By SARAH TINCHER
ANNAPOLIS (Jan. 16, 2014)—Gov. Martin OMalley released his 2015 budget Wednesday, featuring job creation measures, spending cuts an end to the revenue shortfall and no tax increases for residents during his last year in office.
Overall, OMalley boasts a fiscally responsible $39 billion budget that will cut $457 million in expenditures and generate $163 million in revenue from sales, transfers and payments that will close a $584 million budget shortfall, he said. He also plans to reduce the structural deficit that has been looming over this state for several years, eventually landing at a $31 million surplus by fiscal year 2017.
His budget proposal also calls for a 3 percent increase in in-state college tuition rates since last year, as well as increased expenditures on health care, public safety and sustainability efforts, but OMalley placed his emphasis on job creation and the prosperity of the middle class.
This is a jobs budget, so there are 48,000 jobs that are supported by this budget, most of which result from public school construction, rental housing works, the bay restoration fund and transportation capital budget, OMalley said. Were also going to be doing more, rather than less, to accelerate Marylands advantages in terms of job creation through innovation, he added, citing the states plans to increase the biotech and life sciences, cyber security and research and development tax credits.
However, OMalleys optimism hasnt gone unmet by Republican opposition.
So far the proof hasnt been in the pudding. We believe the biggest problem we have in Maryland is that the states tax structure is too high, the heavy hand of taxes its making people flee, said Delegate Nic Kipke, R-Anne Arundel, the House Minority Leader. IRS data tells us that Maryland families are getting out of here and theyre taking job opportunities with them.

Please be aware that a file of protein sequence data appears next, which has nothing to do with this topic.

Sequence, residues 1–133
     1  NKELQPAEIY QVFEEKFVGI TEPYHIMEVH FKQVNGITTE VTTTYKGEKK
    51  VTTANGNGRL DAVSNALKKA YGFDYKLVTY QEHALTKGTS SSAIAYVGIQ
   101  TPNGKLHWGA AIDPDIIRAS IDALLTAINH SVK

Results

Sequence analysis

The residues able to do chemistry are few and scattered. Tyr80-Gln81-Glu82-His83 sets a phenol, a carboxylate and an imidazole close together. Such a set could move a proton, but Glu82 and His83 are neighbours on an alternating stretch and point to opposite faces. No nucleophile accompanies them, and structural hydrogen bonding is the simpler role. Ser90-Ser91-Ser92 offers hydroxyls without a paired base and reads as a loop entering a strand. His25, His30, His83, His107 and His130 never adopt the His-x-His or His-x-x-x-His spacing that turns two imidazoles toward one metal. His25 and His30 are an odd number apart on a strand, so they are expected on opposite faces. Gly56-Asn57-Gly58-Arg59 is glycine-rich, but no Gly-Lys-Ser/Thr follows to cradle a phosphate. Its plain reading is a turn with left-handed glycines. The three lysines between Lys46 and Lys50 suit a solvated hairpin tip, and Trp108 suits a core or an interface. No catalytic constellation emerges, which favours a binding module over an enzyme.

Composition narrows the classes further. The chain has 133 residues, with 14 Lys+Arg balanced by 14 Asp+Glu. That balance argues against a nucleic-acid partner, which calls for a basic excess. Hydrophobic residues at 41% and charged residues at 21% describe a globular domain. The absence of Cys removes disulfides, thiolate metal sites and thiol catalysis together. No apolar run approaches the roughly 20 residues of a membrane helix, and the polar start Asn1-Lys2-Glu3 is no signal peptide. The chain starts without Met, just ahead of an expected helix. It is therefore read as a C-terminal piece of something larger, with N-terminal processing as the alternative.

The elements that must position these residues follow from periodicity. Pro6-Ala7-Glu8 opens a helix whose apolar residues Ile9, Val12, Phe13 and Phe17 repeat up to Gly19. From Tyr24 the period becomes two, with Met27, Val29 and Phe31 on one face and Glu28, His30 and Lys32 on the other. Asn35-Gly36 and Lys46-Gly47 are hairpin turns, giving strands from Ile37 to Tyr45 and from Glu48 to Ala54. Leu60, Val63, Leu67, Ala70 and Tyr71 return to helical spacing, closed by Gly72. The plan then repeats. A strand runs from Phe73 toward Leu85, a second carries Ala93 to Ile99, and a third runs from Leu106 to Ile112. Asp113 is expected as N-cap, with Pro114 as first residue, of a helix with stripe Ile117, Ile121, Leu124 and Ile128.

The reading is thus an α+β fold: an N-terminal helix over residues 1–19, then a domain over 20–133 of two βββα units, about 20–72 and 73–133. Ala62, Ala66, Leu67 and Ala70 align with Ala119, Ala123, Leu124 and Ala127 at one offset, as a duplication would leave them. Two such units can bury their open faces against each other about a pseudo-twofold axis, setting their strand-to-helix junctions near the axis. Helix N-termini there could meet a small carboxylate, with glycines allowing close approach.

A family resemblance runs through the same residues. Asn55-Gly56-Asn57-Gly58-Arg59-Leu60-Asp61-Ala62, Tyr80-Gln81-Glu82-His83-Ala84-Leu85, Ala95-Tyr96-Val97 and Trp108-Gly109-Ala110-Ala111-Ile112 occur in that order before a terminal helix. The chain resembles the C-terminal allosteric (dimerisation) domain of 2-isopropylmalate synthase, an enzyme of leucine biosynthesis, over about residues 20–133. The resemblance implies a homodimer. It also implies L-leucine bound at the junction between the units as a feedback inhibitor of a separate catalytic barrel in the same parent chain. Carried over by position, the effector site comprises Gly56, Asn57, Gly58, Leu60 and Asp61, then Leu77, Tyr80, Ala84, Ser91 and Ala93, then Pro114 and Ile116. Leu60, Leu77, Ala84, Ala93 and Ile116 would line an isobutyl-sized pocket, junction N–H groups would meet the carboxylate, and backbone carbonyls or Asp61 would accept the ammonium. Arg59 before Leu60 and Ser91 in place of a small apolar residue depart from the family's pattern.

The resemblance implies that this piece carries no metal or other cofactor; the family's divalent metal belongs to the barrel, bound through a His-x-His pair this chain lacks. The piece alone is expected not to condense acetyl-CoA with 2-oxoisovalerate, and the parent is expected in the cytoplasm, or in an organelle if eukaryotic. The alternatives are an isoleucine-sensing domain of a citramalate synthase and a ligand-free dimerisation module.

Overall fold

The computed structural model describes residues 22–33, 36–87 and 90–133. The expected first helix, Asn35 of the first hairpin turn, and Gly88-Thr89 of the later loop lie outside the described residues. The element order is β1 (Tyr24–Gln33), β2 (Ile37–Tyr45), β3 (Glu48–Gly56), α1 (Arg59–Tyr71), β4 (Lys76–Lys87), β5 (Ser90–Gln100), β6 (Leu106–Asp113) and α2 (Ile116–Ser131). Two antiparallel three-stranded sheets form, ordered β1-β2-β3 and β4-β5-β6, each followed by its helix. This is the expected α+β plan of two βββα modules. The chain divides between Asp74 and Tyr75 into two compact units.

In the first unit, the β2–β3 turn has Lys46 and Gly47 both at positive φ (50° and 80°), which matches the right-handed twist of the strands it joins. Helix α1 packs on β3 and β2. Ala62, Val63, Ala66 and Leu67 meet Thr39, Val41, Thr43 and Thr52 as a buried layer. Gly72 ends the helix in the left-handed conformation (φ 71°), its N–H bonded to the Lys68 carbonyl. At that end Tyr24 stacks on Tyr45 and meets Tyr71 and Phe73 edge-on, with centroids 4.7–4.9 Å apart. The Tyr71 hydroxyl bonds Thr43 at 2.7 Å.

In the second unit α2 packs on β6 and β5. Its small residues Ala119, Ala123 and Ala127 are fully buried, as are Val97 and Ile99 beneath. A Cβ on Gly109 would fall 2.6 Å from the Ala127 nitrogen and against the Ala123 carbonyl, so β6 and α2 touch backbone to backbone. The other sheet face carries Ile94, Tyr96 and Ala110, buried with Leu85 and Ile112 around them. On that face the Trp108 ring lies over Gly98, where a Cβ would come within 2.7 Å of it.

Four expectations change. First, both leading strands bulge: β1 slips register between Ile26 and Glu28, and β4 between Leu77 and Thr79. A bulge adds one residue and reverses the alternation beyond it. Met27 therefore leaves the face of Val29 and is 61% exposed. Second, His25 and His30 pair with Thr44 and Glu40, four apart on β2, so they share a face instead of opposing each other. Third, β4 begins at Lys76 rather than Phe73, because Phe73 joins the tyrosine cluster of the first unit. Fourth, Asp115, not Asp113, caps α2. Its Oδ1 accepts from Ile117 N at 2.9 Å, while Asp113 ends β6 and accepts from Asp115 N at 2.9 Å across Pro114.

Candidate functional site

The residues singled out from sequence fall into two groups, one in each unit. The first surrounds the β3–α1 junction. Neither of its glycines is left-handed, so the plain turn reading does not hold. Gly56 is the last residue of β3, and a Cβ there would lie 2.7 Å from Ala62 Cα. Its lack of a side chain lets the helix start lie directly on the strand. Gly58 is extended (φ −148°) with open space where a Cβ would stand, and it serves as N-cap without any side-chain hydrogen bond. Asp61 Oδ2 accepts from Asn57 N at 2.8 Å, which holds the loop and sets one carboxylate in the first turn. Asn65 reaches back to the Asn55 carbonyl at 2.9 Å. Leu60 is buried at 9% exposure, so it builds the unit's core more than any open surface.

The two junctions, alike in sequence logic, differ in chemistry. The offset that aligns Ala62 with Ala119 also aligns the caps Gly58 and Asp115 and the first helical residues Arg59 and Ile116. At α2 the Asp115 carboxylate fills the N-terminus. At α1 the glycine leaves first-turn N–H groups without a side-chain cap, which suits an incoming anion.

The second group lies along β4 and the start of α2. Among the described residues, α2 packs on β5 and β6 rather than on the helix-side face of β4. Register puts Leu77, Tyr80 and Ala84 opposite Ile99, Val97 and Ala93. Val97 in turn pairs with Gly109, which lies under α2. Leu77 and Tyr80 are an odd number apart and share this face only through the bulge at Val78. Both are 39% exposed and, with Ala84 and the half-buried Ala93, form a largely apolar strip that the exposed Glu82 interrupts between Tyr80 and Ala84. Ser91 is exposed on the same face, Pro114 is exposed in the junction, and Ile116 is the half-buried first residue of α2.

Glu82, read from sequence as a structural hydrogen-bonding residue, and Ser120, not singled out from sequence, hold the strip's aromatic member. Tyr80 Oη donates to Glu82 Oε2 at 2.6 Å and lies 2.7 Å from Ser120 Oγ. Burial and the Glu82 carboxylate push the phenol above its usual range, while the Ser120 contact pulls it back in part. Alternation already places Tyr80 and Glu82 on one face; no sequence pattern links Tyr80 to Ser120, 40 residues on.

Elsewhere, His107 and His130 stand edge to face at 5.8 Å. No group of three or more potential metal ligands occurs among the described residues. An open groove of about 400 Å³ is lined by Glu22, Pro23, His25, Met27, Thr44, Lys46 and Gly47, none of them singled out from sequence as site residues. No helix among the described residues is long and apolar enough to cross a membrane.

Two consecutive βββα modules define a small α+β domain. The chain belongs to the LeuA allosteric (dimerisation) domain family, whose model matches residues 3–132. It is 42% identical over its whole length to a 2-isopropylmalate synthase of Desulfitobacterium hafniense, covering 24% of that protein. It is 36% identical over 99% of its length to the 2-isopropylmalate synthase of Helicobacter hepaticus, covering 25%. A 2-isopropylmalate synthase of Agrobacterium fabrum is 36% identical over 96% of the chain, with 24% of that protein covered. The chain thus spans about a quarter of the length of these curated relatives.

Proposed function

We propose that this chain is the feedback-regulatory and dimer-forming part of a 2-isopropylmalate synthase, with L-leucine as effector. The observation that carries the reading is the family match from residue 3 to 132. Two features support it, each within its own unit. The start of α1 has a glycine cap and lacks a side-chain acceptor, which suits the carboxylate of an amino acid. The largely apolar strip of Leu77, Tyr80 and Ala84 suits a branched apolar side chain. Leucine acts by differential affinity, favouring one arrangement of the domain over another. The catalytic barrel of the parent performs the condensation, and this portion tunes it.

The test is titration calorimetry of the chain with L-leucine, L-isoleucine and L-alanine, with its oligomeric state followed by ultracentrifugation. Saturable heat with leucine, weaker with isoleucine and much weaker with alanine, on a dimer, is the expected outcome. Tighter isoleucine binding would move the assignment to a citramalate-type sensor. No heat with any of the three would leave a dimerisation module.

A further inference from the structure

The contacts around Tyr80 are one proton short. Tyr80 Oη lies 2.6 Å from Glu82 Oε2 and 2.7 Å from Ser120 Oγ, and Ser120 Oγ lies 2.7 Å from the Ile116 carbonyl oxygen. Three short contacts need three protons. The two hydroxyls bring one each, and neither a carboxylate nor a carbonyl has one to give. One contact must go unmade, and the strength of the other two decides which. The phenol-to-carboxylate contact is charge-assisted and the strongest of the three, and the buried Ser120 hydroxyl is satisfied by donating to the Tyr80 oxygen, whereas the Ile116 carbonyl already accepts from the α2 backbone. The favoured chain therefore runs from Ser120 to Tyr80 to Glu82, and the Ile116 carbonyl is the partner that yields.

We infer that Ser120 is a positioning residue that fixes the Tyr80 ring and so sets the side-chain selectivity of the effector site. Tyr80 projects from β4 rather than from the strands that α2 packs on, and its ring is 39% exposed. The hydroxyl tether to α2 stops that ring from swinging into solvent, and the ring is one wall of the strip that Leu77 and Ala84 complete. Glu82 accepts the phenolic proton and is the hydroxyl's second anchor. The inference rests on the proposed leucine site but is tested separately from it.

Well the problem is were not competitive, our tax rates arent competitive, so people arent creating jobs in the state at a rate that they could be.
But OMalley said that Marylands job creation rate was almost twice as high as Virginias last year. However, Marylands 6.4 percent unemployment rate was higher than Virginias 5.4 percent in November, according to the most recent statistics from the federal Bureau of Labor Statistics.
OMalley said that the state has cut a cumulative total of $9.1 billion since 2007, when he first became governor. Some Republicans, however, disagreed with his statistics.
Its very false to say he has a balanced budget when it is very clear there is not, said Harford County Executive David Craig, a Republican who is running in the 2014 gubernatorial election. The fact that he says he has cut $9.1 billion in spending means he does not know math.
[former Maryland Gov.] Bob Ehrlich left him $1.2 billion as a surplus and he spent it.
Craig added that OMalley raised taxes 21 times in 2013, and is only cutting less this year because it is an election year. It is all to try to help his anointed one to become governor, he said, referring to Lt. Gov. Anthony Browns candidacy.
Delegate Ron George, R-Anne Arundel, who is also running for governor, agreed that OMalleys numbers were not factual.
[OMalley] says hes had the lowest budget growth and hes comparing himself to Ehrlich, but his budget has grown from $27.8 billion in 2007 to [more than] $38 billion thats a big increase for 8 years, George said. Thats a lot to ask of people in a down economy.